District 5’s Mano, a Japanese-American with family history in the diaspora and dispossession of Japanese Americans during and after WWII, told his colleagues at last week’s council meeting that “the community didn’t get all they wanted in these negotiations, and I want to hear more about that.”

Win or loss?

A draw. Given what Japantown’s been through, the >$5 million committed by the city to carve out festival and ceremonial space for the physically-decimated community should be seen as a win. 

But 100 south is likely to be again the backside of a new development. The Salt Palace and The West Quarter mostly “turn their back” to the street, and it’s hard to see how SEG’s plans for buildings facing the middle of Block 78, on the north side of 100 South, can avoid doing the same.

It’s not hard to imagine the Buddhist Temple and the Japanese Church of Christ becoming further marginalized as SEG redevelops space to the west, north and east.

Plaza and public space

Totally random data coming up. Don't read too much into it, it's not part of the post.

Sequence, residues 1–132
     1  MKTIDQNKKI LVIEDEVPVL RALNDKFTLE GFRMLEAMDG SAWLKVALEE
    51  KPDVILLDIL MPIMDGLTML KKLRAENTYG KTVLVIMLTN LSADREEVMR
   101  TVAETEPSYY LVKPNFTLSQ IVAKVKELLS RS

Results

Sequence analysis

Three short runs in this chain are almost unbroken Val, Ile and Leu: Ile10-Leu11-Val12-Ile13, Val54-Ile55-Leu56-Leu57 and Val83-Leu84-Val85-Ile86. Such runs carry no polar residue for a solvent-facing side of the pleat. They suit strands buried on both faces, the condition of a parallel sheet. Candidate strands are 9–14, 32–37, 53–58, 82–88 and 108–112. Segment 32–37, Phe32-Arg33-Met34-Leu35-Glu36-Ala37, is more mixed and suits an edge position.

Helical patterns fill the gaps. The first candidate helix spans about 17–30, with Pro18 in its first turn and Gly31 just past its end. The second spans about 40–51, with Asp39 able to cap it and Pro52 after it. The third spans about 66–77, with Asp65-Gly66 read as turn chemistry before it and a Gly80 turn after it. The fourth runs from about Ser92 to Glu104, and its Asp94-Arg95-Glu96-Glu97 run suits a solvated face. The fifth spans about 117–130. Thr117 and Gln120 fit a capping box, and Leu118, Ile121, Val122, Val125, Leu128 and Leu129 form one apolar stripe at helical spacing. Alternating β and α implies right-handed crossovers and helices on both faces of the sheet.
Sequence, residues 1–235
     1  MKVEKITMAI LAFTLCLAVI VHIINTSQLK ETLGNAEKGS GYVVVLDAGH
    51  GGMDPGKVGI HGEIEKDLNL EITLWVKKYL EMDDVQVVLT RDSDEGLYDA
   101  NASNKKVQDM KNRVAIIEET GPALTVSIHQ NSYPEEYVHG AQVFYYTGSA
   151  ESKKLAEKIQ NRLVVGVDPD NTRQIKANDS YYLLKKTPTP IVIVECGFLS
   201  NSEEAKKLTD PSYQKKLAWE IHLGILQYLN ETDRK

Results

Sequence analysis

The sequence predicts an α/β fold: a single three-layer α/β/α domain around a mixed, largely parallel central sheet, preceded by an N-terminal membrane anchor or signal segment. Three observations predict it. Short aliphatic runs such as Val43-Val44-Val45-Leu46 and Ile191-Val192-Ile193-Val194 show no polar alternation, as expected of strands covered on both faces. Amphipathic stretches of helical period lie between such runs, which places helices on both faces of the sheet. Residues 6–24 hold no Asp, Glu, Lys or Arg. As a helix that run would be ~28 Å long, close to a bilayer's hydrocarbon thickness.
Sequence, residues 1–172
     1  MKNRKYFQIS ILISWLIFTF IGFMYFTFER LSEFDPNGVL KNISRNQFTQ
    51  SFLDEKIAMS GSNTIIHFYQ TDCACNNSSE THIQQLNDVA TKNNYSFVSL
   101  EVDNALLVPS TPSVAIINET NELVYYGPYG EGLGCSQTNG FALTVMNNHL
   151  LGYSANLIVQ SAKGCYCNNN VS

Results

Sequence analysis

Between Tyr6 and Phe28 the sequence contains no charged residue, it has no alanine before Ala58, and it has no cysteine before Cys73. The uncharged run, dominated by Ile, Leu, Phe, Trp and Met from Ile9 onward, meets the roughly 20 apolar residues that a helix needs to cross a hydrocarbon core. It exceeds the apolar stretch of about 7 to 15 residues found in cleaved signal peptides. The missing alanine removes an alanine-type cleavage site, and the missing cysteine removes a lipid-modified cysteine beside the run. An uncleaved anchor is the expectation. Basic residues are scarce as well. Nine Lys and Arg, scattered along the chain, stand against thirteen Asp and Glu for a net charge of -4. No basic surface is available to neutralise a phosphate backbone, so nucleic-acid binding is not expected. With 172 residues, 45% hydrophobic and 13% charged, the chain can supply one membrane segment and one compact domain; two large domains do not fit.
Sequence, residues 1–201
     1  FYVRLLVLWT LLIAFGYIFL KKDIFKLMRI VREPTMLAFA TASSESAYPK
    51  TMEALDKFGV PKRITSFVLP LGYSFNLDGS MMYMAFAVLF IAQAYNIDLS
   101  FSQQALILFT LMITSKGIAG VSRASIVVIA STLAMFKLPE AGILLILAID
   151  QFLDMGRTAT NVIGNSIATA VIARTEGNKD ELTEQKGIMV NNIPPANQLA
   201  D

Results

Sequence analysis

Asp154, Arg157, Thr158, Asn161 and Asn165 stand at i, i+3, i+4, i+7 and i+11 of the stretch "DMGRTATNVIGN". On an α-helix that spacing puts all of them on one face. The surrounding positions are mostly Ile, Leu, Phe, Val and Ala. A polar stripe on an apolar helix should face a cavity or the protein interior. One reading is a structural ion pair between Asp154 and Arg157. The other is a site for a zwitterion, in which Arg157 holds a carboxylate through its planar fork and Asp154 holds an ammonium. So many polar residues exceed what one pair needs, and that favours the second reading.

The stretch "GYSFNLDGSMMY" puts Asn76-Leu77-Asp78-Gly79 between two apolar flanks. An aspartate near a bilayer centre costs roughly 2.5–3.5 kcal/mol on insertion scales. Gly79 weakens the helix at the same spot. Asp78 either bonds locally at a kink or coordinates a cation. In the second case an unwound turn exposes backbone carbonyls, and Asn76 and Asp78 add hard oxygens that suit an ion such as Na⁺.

Designers for SEG have provided conceptual renderings that show gathering space in the shape of a pedestrian mall on block 78 to the east of the Delta Center. This space would be privately designed, constructed, owned, and operated by SEG.

The drawings dramatically expand the area for outdoor gathering over what currently exists at the Delta Center. To do so, 300 West is proposed to be undergrounded from 200 South to North Temple.

The traffic engineering firm hired by SEG, Hales Engineering based in Lehi, produced a 69-page traffic study that also stated the intention “that South Temple between 300 West and 400 West be closed to vehicular traffic to facilitate access to the UTA TRAX Arena station.” This may occur only during events, however.

The plan does not anticipate the city to vacate any rights-of-way.